The enormous quantities of frozen carbon in the Arctic, presently held in surface soils on land and in shallow subsea sediments, may act as “capacitors” of the global carbon system. Thawing permafrost (PF) and collapsing methane hydrates are top candidates to cause a net transfer of carbon from land and ocean systems to the atmosphere this century, yet uncertainties abound. The CC-Top program targets the East Siberian Arctic Ocean (ESAO), the World’s largest yet shallowest shelf sea, as it holds 80% of coastal PF, 80% of subsea PF and 75% of shallow hydrates. Main objective is to transform the, at present, largely descriptive and data-lean pictures into quantitative understanding of the carbon-climate system, to pin down the present system functioning and thereby enable meaningful predictions of future releases from these “Sleeping Giants” of the global carbon system.
The CC-Top program combines unique Arctic field capacities with powerful molecular-isotopic characterization of PF carbon/methane to make breakthroughs on:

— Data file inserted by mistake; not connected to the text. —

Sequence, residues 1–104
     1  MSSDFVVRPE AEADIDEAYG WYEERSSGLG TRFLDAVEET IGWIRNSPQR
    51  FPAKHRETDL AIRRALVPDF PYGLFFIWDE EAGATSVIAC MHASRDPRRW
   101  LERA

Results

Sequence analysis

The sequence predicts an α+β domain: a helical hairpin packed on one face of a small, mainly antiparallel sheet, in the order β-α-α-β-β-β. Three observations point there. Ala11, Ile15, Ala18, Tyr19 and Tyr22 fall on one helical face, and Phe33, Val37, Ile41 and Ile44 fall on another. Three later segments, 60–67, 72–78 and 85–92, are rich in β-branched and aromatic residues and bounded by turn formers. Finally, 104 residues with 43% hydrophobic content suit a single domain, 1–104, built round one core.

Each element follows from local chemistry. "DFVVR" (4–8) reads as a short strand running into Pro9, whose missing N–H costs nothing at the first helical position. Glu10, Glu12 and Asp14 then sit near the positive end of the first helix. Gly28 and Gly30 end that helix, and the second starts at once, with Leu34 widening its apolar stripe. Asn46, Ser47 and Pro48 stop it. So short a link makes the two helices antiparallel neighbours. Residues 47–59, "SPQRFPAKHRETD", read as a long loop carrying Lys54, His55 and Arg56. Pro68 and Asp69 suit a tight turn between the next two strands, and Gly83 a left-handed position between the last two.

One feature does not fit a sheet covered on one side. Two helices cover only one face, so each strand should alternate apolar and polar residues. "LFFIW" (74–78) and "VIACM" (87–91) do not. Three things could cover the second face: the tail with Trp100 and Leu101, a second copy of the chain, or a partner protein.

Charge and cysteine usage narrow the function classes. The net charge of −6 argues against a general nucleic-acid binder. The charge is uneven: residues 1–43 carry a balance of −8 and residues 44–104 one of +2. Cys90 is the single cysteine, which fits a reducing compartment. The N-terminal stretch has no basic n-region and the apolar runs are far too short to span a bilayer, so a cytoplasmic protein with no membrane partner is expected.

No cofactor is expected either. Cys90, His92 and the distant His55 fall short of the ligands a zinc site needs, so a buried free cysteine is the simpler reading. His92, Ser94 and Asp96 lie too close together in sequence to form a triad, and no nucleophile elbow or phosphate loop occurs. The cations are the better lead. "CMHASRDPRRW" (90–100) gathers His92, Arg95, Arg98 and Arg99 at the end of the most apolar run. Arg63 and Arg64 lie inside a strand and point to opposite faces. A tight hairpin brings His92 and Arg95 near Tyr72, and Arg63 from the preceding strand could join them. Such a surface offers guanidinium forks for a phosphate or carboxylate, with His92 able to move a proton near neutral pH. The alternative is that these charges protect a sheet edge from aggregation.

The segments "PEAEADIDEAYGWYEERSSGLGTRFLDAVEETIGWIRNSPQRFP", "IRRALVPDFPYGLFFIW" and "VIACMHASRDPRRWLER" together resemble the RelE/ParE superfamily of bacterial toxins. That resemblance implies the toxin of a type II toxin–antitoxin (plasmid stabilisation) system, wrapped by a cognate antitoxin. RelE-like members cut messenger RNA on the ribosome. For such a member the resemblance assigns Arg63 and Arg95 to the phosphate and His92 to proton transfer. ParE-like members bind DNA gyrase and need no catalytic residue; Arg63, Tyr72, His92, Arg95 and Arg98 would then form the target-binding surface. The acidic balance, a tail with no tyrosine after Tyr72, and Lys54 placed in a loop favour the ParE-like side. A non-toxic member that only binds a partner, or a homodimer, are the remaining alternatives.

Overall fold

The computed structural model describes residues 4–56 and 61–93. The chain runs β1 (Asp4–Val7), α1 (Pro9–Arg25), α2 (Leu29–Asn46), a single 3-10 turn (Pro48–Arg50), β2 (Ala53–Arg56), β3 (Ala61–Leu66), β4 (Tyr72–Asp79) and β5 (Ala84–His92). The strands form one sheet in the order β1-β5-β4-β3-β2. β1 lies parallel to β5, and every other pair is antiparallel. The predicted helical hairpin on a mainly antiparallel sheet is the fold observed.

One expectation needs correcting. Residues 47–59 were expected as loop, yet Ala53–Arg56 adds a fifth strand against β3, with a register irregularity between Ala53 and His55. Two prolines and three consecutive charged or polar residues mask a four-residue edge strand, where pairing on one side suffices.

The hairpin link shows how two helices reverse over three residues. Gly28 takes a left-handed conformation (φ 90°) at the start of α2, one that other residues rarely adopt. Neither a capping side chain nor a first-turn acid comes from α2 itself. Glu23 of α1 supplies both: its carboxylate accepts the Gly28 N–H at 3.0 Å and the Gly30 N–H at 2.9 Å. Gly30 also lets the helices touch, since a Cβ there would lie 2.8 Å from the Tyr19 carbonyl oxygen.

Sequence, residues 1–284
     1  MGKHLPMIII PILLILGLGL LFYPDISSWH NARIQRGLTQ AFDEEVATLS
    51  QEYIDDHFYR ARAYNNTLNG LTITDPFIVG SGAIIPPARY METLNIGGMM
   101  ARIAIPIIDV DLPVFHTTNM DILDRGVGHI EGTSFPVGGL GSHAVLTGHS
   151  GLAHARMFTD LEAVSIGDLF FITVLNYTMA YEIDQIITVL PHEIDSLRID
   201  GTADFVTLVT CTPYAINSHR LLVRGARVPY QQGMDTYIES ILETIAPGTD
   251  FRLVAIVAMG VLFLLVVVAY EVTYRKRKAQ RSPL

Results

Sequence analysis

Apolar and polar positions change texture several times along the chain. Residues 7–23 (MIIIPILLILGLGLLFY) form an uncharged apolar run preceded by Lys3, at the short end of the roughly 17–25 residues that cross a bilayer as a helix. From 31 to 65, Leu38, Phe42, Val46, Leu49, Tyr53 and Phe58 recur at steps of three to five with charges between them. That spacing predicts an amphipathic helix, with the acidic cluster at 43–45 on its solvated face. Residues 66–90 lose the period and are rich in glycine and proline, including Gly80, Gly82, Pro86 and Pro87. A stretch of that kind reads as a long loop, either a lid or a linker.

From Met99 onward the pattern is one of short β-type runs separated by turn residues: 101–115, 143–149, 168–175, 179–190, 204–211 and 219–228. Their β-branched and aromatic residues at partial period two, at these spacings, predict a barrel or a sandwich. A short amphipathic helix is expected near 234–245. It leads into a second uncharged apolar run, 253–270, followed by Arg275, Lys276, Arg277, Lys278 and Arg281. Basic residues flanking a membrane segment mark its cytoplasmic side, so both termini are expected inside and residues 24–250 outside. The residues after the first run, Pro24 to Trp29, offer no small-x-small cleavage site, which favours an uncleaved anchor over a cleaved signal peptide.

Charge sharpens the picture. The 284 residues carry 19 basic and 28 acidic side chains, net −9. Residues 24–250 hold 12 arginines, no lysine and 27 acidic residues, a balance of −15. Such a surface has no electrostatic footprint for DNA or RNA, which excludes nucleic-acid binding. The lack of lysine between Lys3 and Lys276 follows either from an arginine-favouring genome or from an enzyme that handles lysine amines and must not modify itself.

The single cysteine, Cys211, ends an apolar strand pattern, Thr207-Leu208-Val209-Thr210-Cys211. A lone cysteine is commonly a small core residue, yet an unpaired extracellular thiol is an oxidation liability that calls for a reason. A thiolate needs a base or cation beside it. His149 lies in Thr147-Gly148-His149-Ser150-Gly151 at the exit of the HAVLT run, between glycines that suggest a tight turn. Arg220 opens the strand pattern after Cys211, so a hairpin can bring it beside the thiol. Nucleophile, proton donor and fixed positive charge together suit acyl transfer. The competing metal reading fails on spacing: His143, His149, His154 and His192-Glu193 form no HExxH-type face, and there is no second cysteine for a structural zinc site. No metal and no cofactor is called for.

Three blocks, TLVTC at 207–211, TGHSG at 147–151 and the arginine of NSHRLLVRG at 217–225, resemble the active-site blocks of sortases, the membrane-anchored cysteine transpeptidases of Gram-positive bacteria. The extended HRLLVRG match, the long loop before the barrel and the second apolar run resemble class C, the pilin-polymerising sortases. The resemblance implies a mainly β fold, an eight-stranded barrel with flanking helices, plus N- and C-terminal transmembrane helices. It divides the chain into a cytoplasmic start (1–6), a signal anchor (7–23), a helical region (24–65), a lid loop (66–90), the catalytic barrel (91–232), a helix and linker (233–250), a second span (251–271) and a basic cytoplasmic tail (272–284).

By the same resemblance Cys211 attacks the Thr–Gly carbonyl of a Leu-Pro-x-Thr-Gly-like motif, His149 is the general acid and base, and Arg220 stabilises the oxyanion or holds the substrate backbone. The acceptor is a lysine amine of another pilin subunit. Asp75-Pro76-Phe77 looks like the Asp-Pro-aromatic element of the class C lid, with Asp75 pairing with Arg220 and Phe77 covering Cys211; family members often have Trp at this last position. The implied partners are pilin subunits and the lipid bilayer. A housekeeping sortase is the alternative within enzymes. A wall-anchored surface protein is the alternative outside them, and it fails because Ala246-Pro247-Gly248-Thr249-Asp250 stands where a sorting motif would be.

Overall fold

- The “awakening” of terrestrial PF carbon pools: CC-Top employs the great pan-arctic rivers as natural integrators of processes in their drainage basins and by probing the δ13C/Δ14C and molecular fingerprints, apportions release fluxes of different PF carbon pools.
- The ESAO subsea cryosphere/methane: CC-Top uses recent spatially-extensive observations, deep sediment cores and gap-filling expeditions to (i) estimate the distribution of subsea PF and hydrates; (ii) establish the thermal state (thawing rate) of subsea PF carbon; (iii) apportion the sources of methane now being released from the sediments between subsea PF, shallow hydrates vs seepage from the deep petroleum megapool, using source-diagnostic triple-isotope fingerprinting.
- Arctic Ocean slope hydrates: CC-Top investigates sites (discovered by us on expeditions in 2008-2014) of collapsed hydrates actively venting methane, to characterize their geospatial distribution and properties that cause the destabilization.